"What? Oh, yes, of course, I am." He starts down the stairs and something about the speed of the movement reminds him, however briefly, of the dream, but he forgets, stops, darts back. Impulsively, he kisses her, shifts his book under his arm and moves swiftly down the stairs as she proceeds decorously above. The classroom is dusty and dry like old scrolls, but the words drop from his lips with new, luscious understanding, amo, amas, amat, and this is the start of something new.


This is one of the few rooms in the TARDIS with a real exterior window. Martha's head for spatial mathematics has never been good, and the Doctor's bent for explanation never particularly good either, but she can see the shape of the police box in the square of light cast on the opposite wall. It's dim, as always. The stars, even taken all together as the united glow of a galaxy, are small candles, and they barely illuminate the Doctor's head, picking out only the glints in his hair, a sunset halo done in silver rather than gold. The electric lamp by his right hand casts a narrow beam on paper and pencils, strewn on the desk and on the floor, and no reflections reach his eyes. There is a long moment of silence.

"Leader of the British Labour Party from 1992 to 1994."

"What?" Martha snaps to attention at the sudden sound of his voice, weary but determinedly flippant.

The Doctor inclines his head to look at her. "You asked," he says tiredly, "who is John Smith. And I, naturally, presumed you were referring to real people who have borne that name, of whom the one mentioned is perhaps the most notable."

"You know that's not what I meant," she says, but perhaps the weariness is contagious; the silence stretches out, again, as she sits down next to him. The picture on the desk is half-finished; she recognises the shape of the landscape, a pencilled horizon, but the narrower scope is beyond her, still too like the white of the page.

"Can you tell what it is yet?" he says, faintly mocking, and she sighs.

"You're good," she says, because this, unlike so many things lately, is true. "You're really very good."

He smiles, faintly. "Thank you."

"But," she continues, in the same tone, "you're crazy."

He smiles again. "Thank you."

"It wasn't a compliment, Doctor." She's not sure what to do with him; she's never been sure. She reaches out and takes his hand, thinking about humanity and what makes it, if it's weakness or there's more to being human than the Doctor will admit. "When did you last sleep?"

"I'm not like you." He looks up at her, partly hidden by the dimness in the room. "I don't need to sleep my life away. A third of your life, asleep? How pitifully, typically human."

She frowns. "I did three years pre-clinical and two on the wards," she says slowly, "and on a good day I can even tie my own shoelaces. It would be against my Hippocratic Oath to knock you on the head, but I haven't taken it yet."

He laughs, and there's something real in it, something that isn't too warm, too bright, like his body and his eyes; something less brittle than before. "What do you want me to do?" he asks, and he's as close as he gets to gentle.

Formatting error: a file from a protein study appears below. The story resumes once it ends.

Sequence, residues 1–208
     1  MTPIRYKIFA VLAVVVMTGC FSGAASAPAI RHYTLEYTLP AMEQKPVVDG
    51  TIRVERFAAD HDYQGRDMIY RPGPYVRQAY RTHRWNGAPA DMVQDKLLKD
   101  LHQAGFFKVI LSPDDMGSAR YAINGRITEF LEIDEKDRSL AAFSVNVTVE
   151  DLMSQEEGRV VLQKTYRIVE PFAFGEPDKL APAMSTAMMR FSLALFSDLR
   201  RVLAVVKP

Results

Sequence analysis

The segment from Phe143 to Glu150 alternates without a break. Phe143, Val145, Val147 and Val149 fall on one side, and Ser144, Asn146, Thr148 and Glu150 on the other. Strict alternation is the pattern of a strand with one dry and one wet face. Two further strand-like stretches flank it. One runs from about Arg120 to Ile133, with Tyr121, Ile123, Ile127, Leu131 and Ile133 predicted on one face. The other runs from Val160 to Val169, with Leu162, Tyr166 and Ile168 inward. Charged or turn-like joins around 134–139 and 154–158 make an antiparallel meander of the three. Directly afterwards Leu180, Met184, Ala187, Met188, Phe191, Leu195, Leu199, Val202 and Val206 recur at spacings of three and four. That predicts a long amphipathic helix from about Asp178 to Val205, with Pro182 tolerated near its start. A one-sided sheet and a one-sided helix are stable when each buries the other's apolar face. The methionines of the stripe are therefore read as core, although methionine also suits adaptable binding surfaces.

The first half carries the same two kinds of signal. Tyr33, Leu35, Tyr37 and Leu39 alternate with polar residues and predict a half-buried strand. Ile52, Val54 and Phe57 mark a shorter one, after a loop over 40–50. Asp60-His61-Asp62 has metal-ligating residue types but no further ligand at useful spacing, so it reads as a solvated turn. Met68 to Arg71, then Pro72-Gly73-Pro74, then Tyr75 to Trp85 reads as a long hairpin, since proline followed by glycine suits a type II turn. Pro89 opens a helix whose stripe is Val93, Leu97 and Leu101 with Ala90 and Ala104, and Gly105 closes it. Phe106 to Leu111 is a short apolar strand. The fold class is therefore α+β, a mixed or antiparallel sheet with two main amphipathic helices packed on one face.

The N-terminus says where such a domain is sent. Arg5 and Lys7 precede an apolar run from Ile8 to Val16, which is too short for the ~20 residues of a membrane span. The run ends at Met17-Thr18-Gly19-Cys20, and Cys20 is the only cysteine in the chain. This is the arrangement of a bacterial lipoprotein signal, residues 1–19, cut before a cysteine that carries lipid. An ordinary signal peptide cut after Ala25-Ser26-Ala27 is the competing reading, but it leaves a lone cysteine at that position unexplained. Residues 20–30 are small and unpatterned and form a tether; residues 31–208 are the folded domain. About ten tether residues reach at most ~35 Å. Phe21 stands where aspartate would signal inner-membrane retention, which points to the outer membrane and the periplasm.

"You could tell me about these." She pulls out the pictures and unfolds them carefully, removing the creases. The Doctor's hands are stark white as he takes them from her, and for an instant she sees him clutching a pencil like a lifeline, drawing, not by touch, not by sight, but by future memory so an image forms as if it were there in the page all the time, waiting for him to erase the white. She wonders, vaguely, if she's taken his gift, become more than human so his memories are slipping and blurring into her own. "Why, why are you doing this?"

He shrugs. "Insomnia."

She smiles to herself, wryly, remembering him as he was, human and with the strength of a human, and now the Doctor, strong in all the wrong ways. She knows when he's lying, and knows she loves him too much to say.


John Smith has gone back to a place he's never been.

In the dream, he's standing so far above a world that he can see the curve of its surface, the patterns of its coastlines, the drifting wakes of its oceans. He's seen illustrations of the Earth as it must look from space, a glorious flattened sphere, carrying the human race through a galaxy of wonders, and this is what it must look like, with its serenity, its distant, holy beauty. It makes him smile, but there's a curious dissonance in the thought; if he had a mirror, he knows he would see that the smile doesn't reach his eyes, and that makes no sense.

The change comes without warning, and at first it's only a feeling, a bone-deep intuition that something in the universe is shifting, that great forces are coming together and then suddenly, devastatingly apart, and he doesn't hear anything except the steady beat of waves many thousands of miles below. And that, too, doesn't make sense; he knows this isn't right, that he shouldn't be able to know the shape of the land, know when each wave breaks on the rocks beyond the empty gulf of space.